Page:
Switzerland has come in for harsh criticism from Amnesty International for "dangerous methods of restraint" used during forcible deportations of illegal immigrants from Zurich-Kloten airport.This content was published on April 6, 2000 - 07:43
Switzerland has come in for harsh criticism from Amnesty International for "dangerous methods of restraint" used during forcible deportations of illegal immigrants from Zurich-Kloten airport.
In one case, three police officers and a doctor are under investigation in connection with the death by suffocation of a Palestinian deportee one year ago.
In a report entitled "Concerns in Europe," the human rights organization alleges Zurich airport police have used "cruel, degrading or dangerous" methods to restrain illegal immigrants being forcibly sent home.
In the case of the Palestinian, Khaled Abu Zarifeh, Nerys Lee of Amnesty International said "...adhesive tape had been placed over his mouth...and he had been strapped into a wheelchair..." for the duration of his flight home.
Other deportees "reported having breathing difficulties as a result of adhesive tape being put across their mouths and having a helmet, which they described as being similar to a motorcycle helmet, put over their head with more adhesive tape wrapped around and over the helmet so that their jaws were forced closed. A number of deportees reported being deprived of food and liquid and not having access to a lavatory for many hours," explained Nerys Lee.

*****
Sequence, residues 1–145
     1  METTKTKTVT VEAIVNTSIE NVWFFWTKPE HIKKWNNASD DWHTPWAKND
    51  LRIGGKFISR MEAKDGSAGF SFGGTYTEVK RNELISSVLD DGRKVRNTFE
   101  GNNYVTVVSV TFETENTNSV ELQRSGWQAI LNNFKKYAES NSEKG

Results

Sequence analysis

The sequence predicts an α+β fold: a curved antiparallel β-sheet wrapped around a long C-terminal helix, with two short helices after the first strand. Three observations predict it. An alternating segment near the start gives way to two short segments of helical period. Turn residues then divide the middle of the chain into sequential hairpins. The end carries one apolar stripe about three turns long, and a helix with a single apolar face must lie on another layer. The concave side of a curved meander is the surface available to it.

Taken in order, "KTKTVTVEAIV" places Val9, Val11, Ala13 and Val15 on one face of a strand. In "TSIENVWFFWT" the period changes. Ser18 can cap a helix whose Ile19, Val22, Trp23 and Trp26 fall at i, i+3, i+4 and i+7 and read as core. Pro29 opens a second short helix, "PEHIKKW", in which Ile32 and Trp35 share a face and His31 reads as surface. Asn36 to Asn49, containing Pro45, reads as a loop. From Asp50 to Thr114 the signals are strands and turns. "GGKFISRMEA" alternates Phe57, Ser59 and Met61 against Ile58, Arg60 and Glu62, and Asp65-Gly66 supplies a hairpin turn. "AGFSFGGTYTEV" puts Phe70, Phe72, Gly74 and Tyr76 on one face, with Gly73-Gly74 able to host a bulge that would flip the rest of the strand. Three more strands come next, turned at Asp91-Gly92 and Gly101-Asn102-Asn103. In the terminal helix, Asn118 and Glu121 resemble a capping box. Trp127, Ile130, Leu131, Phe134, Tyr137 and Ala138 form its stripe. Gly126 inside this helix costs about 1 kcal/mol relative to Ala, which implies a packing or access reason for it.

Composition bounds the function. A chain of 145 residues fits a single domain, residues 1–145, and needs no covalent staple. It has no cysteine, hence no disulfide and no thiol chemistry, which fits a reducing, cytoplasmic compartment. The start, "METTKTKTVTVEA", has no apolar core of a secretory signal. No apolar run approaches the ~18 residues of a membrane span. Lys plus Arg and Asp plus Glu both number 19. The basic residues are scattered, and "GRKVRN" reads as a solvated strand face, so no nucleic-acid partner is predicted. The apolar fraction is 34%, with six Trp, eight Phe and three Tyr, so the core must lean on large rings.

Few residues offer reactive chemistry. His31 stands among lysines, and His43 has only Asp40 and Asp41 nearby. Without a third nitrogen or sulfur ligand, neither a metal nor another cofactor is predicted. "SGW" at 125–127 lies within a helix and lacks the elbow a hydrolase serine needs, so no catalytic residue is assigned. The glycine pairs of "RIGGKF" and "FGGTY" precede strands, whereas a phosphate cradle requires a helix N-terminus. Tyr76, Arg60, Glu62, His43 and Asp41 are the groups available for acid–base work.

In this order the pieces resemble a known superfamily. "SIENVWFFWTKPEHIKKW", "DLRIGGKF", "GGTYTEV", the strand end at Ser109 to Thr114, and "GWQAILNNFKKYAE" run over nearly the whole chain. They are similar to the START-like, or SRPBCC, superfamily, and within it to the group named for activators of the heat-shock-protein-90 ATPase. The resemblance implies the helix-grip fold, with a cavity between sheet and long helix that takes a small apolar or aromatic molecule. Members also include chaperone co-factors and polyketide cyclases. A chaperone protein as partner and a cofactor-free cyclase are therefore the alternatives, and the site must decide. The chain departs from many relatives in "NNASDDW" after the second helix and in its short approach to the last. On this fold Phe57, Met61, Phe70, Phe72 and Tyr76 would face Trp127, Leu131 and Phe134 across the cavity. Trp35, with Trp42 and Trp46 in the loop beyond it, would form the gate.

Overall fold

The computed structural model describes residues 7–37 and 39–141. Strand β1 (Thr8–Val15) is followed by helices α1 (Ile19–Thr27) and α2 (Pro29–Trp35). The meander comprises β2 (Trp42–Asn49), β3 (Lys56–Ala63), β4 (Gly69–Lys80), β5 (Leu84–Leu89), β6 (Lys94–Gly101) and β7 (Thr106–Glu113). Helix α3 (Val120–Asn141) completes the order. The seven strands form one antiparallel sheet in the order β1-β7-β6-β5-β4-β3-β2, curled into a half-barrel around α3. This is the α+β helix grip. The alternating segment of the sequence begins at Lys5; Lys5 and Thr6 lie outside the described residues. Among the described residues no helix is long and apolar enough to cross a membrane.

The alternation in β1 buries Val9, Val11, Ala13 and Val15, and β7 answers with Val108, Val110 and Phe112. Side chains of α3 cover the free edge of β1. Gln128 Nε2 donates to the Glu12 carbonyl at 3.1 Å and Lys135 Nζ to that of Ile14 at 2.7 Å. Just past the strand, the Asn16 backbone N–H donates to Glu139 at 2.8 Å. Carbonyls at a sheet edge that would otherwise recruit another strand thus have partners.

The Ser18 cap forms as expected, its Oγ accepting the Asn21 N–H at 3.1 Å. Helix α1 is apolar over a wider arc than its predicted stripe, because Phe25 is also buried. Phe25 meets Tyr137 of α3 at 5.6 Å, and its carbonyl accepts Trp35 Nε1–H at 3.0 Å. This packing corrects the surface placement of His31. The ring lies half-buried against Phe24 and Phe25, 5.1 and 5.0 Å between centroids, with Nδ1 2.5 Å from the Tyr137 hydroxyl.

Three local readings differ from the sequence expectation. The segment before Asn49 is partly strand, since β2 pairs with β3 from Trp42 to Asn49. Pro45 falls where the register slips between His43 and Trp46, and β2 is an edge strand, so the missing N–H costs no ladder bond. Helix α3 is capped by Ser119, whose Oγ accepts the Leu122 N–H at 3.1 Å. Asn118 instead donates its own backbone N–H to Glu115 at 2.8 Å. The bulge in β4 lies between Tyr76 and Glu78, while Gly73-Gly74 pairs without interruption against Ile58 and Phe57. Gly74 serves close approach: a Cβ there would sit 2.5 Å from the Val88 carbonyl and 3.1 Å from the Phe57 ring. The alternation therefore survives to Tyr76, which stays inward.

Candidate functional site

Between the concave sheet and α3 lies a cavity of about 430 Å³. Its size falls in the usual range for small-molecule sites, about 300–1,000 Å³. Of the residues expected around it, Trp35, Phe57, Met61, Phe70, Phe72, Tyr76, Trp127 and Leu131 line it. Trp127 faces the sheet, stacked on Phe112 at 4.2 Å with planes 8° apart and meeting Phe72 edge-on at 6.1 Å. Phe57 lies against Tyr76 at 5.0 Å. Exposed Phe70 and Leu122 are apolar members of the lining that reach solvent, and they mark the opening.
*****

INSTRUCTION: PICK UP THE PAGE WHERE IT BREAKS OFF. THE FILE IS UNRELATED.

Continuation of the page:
Last August, the Zurich cantonal authorities indicated to Amnesty that adhesive tape would no longer be used to cover deportees' mouths and confirmed that a new open-faced helmet would now be used. But Amnesty discredited the helmet arguing it still prevents the wearer from breathing normally. "It has a chin cap attached to force the jaws of the individual together to stop them shouting or biting...and a plate is placed across the mouth and it has a small hole where a breathing tube can be inserted."
Lee explained that they have consulted forensic pathologists "who have expressed great concern about anything which blocks the breathing passages."
The federal police have yet to respond to the latest Amnesty accusations but have admitted that certain "methods of restraints applied to persons to be removed to another country may have the opposite effect leading in certain cases to recalcitrant or even violent behaviour."
During 1999, nearly 6,500 rejected illegal immigrants and asylum seekers were deported from Zurich-Kloten airport, according to the Federal Office for Refugees.
by Samantha Tonkin
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